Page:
Culture in Rwanda
A country full of history and culture
Known as the "land of a thousand hills", Rwanda is a mountainous country, landlocked in East Africa. The majority of people live in family compounds scattered across the hillsides, and a visit to Rwanda is as much about the people and culture, as it is the wildlife. The kind-hearted and lively souls of Rwandan people will undoubtedly play an integral part in your experience in the country.
Music and dance
Traditional music and dance have been a key part of Rwandan ceremonies, social gatherings, storytelling and pre-colonial era, and today, are just as important. Unlike other African countries, the traditional music and dancing in Rwanda is not associated with particular ethnic or regional groups but instead, represent unity in the nation as a whole. During your stay in Rwanda, it is likely a traditional song and dance will be performed with such energy and enthusiasm. This is usually one of the highlights for guests, especially in the Volcanoes National Park, as the Virunga mountains offer a dramatic landscape to the colourful and talented local dancers.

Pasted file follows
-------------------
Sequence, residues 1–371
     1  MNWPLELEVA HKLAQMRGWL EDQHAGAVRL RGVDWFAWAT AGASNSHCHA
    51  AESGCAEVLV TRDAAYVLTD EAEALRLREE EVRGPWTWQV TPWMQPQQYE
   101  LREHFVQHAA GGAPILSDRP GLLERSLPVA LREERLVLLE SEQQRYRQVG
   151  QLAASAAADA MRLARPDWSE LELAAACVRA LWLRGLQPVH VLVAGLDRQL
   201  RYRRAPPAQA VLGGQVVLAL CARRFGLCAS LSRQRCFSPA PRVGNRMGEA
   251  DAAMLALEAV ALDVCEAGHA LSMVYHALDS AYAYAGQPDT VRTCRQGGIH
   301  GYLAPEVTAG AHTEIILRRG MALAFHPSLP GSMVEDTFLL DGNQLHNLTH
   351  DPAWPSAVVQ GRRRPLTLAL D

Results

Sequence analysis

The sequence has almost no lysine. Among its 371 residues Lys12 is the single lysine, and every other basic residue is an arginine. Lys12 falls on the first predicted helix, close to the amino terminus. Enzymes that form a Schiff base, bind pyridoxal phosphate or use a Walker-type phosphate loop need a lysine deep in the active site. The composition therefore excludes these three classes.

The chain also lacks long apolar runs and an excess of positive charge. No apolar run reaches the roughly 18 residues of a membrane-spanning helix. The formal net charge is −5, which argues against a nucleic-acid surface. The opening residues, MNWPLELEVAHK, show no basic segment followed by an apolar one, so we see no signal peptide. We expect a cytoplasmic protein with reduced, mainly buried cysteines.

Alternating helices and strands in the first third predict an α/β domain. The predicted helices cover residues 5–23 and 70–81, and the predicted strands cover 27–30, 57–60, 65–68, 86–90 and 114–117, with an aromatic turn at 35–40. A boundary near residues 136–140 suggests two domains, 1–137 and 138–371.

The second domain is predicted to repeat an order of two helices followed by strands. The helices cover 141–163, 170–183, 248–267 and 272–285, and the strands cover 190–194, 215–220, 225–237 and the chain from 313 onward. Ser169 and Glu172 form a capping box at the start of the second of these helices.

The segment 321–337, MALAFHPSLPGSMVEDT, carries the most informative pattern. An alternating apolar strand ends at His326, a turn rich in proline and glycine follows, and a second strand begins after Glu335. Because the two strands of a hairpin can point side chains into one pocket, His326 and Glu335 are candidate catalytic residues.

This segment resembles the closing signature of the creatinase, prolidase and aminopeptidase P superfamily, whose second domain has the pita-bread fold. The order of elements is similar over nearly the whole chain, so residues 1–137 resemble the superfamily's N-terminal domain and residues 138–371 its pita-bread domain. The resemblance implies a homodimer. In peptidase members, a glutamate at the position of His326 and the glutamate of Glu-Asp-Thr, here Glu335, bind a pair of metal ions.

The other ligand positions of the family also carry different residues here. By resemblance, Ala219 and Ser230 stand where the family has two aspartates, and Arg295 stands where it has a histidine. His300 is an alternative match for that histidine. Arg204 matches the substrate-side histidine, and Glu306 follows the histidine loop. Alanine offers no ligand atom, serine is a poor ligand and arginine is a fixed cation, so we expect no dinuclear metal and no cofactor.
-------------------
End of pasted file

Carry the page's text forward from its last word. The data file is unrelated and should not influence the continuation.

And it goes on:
The style and design of a Rwandan building is exemplified in the design of the Royal Palace of the traditional monarch. Its spherical structure has been used as an architectural template for camps and lodges across the country. For example, Bisate Lodge, which is a very high-end property in the Volcanoes National Park, is made of a collection of rounded thatched huts. The interior inside is elegant and colourful, with a strong use of woven materials with a strong resonance in Rwandan culture.
Tourism and community engagement
It is important to recognise that tourism plays an integral part in the development and protection in the conservation and ongoing work in Rwanda’s national parks. Rwanda has created many employment opportunities for local communities, such as working as guides, rangers, porters and community conservation leaders who work daily with tourists in the Volcanoes National Park. Not only has this uplifted the standard of living and wellbeing of local people, but has also a huge opportunity for Rwandan tourism to grow year upon year.
What is also great to see in Rwanda today, is that many of the lodges (which have undeniable thrived off the gorilla tourism), are providing an experience that is beyond the ‘gorilla express’. Many visitors will leave with enriched understanding, not only of the majestic primates, but also about the ecosystem they live in, and the conservation and economic issues that continue to threaten them on a daily basis.